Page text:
Mobile Health 2012). 1 in 5 smartphone owners would potentially download our app.
3 Solutions our app offers:
1) It saves its users time when seeking specific healthcare types. That saved time often directly affects your health if the health need is urgent.
2) It saves its users money. If a user goes to a general physician about a health concern and then they're referred to a specialist, they would have to pay for the general physician consultation as well as the specialist they'd then be going to visit.
3) Our user feedback feature will improve the overall quality of healthcare experienced by our users by providing them with ratings/reviews, that way the doctors who give the best healthcare in your area can be found.
Our chosen approach was to build a website application that brought together geographic convenience with user feedback-based quality to help consumers find the medical specialist best suited to their needs.
This is done by having the consumer fill out a basic profile of details pertaining to the medical needs you seek and any information required about yourself. This what’s known as the static profile and will contain details that generally don’t change such as your name, health insurance, contact info, etc. This is essentially our registry of users.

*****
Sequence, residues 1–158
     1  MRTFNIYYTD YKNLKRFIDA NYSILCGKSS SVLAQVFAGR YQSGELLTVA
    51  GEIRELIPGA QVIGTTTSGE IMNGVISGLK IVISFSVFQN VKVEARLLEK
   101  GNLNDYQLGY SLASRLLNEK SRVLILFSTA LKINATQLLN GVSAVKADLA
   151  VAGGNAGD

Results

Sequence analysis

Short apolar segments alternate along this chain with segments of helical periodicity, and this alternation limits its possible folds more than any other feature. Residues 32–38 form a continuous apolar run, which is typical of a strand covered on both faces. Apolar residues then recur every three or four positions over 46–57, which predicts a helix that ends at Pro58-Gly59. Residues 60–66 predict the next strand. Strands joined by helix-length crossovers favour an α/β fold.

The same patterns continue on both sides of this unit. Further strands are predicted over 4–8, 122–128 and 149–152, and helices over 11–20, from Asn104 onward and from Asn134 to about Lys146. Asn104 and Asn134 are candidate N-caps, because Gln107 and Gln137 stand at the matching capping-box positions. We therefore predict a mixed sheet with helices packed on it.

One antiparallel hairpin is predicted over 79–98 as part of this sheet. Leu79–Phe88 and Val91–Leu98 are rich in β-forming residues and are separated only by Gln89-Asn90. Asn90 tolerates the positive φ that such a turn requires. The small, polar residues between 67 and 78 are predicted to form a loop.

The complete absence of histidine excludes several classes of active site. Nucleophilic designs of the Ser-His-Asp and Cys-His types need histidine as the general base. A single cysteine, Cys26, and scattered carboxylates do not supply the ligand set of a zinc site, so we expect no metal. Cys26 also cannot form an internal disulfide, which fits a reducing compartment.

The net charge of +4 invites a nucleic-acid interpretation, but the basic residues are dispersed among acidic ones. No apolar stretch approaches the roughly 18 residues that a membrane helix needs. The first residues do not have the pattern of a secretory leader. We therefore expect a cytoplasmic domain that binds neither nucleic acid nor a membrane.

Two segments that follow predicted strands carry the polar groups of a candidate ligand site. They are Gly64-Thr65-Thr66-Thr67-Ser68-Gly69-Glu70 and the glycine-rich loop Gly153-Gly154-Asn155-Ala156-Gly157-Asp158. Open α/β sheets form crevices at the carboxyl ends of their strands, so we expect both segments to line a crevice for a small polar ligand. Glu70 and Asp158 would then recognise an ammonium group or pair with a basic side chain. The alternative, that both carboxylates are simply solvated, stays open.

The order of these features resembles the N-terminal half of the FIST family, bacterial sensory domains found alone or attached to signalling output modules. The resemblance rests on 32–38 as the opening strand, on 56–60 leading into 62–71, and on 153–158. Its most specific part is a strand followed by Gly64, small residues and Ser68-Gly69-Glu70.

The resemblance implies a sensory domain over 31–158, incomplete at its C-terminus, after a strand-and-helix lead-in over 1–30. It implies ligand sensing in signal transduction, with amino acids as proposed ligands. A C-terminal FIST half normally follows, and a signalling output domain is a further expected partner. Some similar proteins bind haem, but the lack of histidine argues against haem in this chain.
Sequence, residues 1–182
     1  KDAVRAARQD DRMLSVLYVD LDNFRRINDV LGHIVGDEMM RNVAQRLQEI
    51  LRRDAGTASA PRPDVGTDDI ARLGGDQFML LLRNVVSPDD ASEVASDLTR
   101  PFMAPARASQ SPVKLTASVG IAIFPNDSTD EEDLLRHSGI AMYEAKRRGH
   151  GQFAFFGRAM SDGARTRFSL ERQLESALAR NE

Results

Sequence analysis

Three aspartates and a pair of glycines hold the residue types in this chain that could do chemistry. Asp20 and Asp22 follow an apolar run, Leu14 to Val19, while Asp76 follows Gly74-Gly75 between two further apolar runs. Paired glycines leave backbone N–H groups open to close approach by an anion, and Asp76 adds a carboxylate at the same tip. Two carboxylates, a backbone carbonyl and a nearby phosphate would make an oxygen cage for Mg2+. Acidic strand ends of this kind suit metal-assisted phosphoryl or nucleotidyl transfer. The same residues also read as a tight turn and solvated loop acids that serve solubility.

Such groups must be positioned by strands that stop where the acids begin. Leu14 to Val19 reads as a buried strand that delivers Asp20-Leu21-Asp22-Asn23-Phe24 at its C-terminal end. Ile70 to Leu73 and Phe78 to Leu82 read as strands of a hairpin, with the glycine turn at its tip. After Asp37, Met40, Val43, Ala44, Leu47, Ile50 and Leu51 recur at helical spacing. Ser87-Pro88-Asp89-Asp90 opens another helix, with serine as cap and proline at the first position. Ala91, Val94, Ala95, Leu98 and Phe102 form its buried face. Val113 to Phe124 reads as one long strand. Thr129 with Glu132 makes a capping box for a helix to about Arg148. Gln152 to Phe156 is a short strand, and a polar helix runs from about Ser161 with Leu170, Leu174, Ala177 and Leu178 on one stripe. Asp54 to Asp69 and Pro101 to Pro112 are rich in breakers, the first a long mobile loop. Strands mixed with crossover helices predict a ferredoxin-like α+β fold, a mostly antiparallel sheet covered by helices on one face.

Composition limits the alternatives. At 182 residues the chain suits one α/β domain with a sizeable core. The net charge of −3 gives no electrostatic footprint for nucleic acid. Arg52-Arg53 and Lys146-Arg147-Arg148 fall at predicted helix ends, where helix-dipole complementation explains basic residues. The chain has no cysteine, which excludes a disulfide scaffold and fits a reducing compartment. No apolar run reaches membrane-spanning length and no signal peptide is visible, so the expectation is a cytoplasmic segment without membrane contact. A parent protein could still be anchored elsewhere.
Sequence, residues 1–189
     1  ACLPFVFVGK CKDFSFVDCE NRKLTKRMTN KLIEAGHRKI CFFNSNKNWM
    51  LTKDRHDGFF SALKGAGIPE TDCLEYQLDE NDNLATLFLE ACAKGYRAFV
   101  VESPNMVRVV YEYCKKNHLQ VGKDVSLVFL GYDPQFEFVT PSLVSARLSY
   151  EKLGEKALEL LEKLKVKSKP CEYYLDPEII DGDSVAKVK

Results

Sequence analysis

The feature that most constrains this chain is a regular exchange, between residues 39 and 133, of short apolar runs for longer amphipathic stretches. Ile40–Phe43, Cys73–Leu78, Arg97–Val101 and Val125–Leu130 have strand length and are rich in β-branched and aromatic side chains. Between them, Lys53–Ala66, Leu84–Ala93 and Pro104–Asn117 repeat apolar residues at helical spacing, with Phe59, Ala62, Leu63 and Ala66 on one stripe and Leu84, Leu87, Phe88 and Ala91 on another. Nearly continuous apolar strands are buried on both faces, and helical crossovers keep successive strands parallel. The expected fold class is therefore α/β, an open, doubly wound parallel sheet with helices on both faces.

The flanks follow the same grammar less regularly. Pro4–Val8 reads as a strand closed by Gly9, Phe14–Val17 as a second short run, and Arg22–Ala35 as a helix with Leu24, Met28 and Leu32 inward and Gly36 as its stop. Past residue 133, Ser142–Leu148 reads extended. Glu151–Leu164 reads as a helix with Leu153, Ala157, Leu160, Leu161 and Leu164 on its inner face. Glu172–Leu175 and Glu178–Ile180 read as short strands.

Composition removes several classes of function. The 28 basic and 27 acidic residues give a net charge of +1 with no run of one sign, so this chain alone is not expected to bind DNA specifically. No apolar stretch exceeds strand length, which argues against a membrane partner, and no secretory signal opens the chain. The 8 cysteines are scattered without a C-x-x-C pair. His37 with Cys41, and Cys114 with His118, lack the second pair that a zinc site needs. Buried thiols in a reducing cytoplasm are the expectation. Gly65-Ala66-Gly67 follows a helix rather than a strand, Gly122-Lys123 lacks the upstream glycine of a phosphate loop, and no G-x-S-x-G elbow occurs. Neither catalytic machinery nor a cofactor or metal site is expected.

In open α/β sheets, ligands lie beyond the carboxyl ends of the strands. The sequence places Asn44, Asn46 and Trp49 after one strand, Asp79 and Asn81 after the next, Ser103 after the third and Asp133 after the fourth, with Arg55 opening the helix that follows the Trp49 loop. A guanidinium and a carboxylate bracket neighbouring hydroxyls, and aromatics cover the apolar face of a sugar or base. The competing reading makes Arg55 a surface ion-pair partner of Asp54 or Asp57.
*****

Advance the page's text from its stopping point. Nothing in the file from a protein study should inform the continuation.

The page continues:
Next the visitor will fill out a more specific questionnaire/detail submission form where he or she will fill out the medical details of what you’re searching for, such as your current condition and any problems you may be experiencing, as well as your current location for distance-based results. These are known as session details and will provide the application with the information it needs to present the results most pertinent to your medical need.
Our application will be implemented with physicians’ collaboration to populate the data given back from the application, such as their office locations, specialty, and contact info. This will also be paired with a crowdsourcing method in which the more people use this site, the more reviews will be written. Thus, trends in the quality of the specialist will develop as more consumers develop a consistent opinion about him/her. For instance, if you had 2 reviews on your doctor, one great and one terrible, you wouldn’t really have a solid opinion because there’s no consistency yet. If a doctor had 1000 reviews however, and only 10 were bad, you’d know that this is generally a well-practiced physician.